In addition to assessing the reliability of the evidence, I will correlate the information in all the sources that provide evidence to see if they corroborate or contradict each other. If I have several independent, reliable sources that agree with each other, the chance that new evidence will lead to a different theory is small. If I have conflicting data that I haven’t been able to resolve, for example if two high-quality sources contradict each other, the chance that new evidence will overthrow my theory is higher.
Sometimes, this analysis will make me realize that another theory is more likely to be correct. In that case, I will redo the assessment for the new theory and continue the rest of the steps with the new theory.
Step 2: Assess the impact if the theory turns out to be invalid
As genealogists, we always strive for accuracy. Mistakes can mean that we are following the wrong people, who are not our ancestors. For this reason, the impact of errors is never low, but there are cases where mistakes are more serious than others.
- Is the conclusion about relationships?
Examples of conclusions about relationships are determining who the parents of a person are, or who the spouse of a person was. Any errors at this level have a major impact and could potentially lead to severe pruning of the family tree.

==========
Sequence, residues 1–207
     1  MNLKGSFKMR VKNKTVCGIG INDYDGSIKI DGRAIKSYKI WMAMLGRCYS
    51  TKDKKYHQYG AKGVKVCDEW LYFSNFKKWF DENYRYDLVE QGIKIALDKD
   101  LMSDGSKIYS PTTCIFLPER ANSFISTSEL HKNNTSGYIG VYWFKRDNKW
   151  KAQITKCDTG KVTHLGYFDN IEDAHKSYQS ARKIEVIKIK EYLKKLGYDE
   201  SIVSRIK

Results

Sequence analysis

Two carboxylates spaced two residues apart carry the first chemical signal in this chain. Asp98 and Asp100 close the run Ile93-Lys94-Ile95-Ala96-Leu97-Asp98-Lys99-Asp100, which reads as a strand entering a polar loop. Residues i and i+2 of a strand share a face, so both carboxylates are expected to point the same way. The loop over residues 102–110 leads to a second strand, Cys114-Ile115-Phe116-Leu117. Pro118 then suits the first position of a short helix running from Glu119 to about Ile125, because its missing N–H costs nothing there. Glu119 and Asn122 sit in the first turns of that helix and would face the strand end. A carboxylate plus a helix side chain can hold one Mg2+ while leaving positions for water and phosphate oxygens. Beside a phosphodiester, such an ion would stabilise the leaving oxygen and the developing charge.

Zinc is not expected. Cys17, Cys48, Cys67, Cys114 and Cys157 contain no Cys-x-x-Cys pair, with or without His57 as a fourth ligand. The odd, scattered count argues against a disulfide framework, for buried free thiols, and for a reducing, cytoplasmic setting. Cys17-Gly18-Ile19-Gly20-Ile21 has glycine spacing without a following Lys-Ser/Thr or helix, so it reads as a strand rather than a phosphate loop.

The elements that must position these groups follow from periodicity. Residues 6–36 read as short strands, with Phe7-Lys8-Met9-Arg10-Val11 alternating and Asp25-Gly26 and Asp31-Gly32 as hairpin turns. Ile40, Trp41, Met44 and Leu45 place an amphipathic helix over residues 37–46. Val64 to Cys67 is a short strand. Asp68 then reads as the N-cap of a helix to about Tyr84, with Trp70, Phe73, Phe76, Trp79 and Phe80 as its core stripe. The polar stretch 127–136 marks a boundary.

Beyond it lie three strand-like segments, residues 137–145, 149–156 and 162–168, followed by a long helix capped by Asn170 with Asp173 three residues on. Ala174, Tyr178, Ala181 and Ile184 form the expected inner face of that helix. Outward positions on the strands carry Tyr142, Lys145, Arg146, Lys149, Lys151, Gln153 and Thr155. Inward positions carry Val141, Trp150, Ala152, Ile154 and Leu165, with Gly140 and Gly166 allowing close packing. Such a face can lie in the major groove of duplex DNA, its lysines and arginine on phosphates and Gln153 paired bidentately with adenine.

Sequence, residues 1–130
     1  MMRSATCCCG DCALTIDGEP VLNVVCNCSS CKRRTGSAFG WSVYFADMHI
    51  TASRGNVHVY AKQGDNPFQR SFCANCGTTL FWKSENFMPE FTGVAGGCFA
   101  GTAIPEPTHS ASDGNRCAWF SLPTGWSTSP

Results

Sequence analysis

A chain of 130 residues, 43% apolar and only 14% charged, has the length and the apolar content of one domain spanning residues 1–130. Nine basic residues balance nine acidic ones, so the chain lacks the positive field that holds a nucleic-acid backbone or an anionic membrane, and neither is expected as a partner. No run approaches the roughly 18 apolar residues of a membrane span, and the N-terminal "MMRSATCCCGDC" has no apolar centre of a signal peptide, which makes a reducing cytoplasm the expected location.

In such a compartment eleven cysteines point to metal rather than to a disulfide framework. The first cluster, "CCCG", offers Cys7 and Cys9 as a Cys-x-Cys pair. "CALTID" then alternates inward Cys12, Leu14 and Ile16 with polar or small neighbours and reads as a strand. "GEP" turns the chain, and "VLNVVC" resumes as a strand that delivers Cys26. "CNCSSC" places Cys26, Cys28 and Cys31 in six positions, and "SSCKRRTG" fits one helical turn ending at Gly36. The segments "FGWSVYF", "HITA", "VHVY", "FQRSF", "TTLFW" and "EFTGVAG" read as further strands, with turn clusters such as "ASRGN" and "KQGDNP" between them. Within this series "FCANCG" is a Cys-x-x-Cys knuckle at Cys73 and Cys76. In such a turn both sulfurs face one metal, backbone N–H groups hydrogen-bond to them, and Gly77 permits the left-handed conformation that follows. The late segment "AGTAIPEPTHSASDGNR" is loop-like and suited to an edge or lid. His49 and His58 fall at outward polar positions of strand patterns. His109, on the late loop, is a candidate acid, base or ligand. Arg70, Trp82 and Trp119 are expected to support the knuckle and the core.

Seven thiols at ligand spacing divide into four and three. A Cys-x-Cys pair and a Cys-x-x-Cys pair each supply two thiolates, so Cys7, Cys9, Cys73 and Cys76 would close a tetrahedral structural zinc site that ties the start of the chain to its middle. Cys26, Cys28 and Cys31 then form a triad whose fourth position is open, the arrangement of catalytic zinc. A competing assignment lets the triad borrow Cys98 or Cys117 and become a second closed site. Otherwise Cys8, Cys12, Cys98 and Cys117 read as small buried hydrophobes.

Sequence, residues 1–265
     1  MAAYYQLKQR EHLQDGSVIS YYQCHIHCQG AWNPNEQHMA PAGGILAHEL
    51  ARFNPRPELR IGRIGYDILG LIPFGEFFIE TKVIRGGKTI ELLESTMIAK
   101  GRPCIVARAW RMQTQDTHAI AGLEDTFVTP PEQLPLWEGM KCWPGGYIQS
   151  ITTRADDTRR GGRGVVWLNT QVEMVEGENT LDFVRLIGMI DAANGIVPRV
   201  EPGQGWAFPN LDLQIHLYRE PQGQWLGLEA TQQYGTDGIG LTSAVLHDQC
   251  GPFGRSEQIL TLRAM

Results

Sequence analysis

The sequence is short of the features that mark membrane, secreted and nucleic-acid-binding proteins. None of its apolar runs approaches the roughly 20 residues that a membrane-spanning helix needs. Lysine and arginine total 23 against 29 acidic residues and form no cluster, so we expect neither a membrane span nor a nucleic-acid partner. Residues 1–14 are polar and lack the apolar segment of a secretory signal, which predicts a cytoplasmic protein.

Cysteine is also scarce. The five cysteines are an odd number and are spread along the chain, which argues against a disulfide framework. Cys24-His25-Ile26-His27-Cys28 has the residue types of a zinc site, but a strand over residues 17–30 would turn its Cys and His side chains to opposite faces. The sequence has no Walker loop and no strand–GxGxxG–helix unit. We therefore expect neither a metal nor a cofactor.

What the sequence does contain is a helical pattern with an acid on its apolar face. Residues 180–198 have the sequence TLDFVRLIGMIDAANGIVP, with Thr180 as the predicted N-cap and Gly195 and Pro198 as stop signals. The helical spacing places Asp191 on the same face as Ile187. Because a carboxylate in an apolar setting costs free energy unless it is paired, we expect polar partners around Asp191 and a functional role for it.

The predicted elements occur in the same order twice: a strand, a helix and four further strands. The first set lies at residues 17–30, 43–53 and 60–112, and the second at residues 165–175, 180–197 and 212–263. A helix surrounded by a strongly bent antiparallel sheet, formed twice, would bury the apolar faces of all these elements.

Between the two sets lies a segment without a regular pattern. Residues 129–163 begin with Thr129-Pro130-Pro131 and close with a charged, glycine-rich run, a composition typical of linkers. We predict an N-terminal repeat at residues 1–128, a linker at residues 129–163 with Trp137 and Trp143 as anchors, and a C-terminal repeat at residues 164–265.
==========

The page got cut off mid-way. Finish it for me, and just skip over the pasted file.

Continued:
- Is the conclusion about identity?
Examples of conclusions about identity are determining which of several same-named individuals is the person of interest, or concluding that a person mentioned in record A is the same person mentioned in record B. Any errors about identity also have a major impact and could lead to the wrong people being attached to our tree.
- Is the conclusion about a single fact about a person?
Examples of this are knowing an exact birth date for a person, or knowing when a person married. Errors at this level have a medium impact, since they can sometimes be corrected without having to redo part of our tree. For example, if new evidence shows that my ancestor was probably born a day earlier than I had previously thought, this usually does not change the rest of my tree. Of course, an incorrect birth date could lead to identification errors and incorrect trees, so there is no ‘catch-all’ impact assessment as each case will be different.